15/15 Practice Makes Perfect


#1
def median(nums):

	length = len(nums)
	if length>1:
		print length % 2
		if length % 2 > 0:
			nums.sort()
			median = nums[(length)/2]
		else:
			nums.sort()
			median = (nums[(length/2)-1] + nums[(length/2)]) / 2.0
	else:
		median = nums[0]
	return median

Hello everybody, I ground through and figured out this last problem. I know it looks ugly as heck but can you please give me any tips on how I can write this to be more concise?


#2

Hi @mglmori,

You have the basis of a good solution, but it can be cleaned up a bit.

First, sort a copy of nums instead of sorting nums directly, then work with the copy instead of the original.

Instead of having a variable named median, which is the same as the name of the function, it would be cleaner to use a different name for the variable. You could even dispense with the variable entirely.

You only need these two cases, and you already have the correct calculations of the median for each of them:

  • a list with an odd number of elements
  • a list with an even number of elements

#3

Thank you for your tips. When I used a new list variable and copied the sorted original list, I kept coming across the “NoneType” error. But I will definitely try to use a new list variable instead of working off the original, also, I forgot my function name was the same as my returning variable name, I will try to not avoid that in the future as well.


#4

You probably didn’t make a copy at all, but instead sorted the original and used the return value of that of which there is None. What you would need instead is a way of copying the list and then sorting that, or some different way of sorting which created a copy in the process.

The main reason for making a copy is so that the original remains unchanged, the caller may not want (or expect) the original to be altered (the purpose of your function is to compute median, not to sort, why would it do that?)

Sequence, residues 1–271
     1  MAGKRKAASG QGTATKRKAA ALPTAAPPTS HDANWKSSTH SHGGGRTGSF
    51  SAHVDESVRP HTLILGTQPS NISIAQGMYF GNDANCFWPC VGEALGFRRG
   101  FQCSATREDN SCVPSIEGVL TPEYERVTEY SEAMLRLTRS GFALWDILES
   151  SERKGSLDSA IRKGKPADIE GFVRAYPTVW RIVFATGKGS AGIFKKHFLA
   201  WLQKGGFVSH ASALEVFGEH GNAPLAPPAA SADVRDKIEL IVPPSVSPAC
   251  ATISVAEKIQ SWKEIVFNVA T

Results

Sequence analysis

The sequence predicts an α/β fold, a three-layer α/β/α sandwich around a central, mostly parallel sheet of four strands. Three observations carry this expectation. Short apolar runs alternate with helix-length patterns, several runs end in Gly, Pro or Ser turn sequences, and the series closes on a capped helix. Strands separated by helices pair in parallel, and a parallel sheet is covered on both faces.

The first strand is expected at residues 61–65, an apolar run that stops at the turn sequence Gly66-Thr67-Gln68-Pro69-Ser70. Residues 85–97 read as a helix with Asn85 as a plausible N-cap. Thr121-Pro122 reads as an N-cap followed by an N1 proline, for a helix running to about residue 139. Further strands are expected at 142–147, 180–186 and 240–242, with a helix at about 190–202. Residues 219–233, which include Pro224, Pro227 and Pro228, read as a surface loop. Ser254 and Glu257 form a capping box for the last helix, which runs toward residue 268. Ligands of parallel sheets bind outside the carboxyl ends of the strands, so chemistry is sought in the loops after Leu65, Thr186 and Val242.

The cost of making that copy is low or outweighed by the sorting, in nearly all cases you can consider it free.

I don’t hugely object to using a variable by the same name as the function itself. But the variable isn’t needed at all, may as well return the result directly rather than assigning a variable to it first. Which ever way you do it, including yours, is fine, there are some arguments to be made for all these options.

Rather than sorting in both branches of the if-statement, sort before the if-statement, no need for that duplicated code.

A size-1 list isn’t a special case, no need to test for that. That’s three lines doing absolutely nothing.

Also note that the length of a list isn’t computed every time you call len(list), it’s a stored value that gets updated when the list adds/removes values. Creating your own variable might still be desirable to avoid the clutter of extra parentheses when calling it, or maybe if you want a slightly different name for it for whatever reason. It’s also slightly faster to use local variables, but that is insignificant here (not doing it millions of times)


#5

@ionatan has likely figured out how you encountered that error, and has provided a number of good suggestions regarding refinements. However, if you post your revised code, we can target the specific statements that led to the error.


#6
def median(nums):

	length = len(nums)
	newlist = nums
	newlist.sort()
	
	if length % 2 > 0:
			return newlist[(length)/2]
	else:
			return (newlist[(length/2)-1] + newlist[(length/2)]) / 2.0

OK so I took your’s and @appylpye 's advice and refined my code further. You were right, I removed the test case for when list has only 1 item. Also I’m not using a return variable, instead just returning the calculations. So the trick is to just make the new list equal the old list first and then sort the new list. I was trying to just do those two steps as one with the following syntax:

newlist = nums.sort()

But this obviously doesn’t work because as you said the nums.sort() itself returns a None type value. Thanks for all your help though great inputs to refine my code.


#7

Actually that’s still not a copy. You’ve got two variables referring to the same list.
To make a copy you can slice from the start to the end, or call the type (list) with an iterable (your list) as an argument

newlist = nums        # both refer to the same list, not a copy
newlist = nums[:]     # slice from start to end
newlist = list(nums)  # call list to make a list, use the elements in nums

There’s also a function sorted which creates a list containing the elements provided to it (input might not be a list, anything iterable, but the return value is a list of sorted elements)


#8

See that’s an intricacy of python I didn’t know. I figured newlist = nums was doing the same thing as that as slicing up and then saving as list into the new variable. Thanks @ionatan


#9

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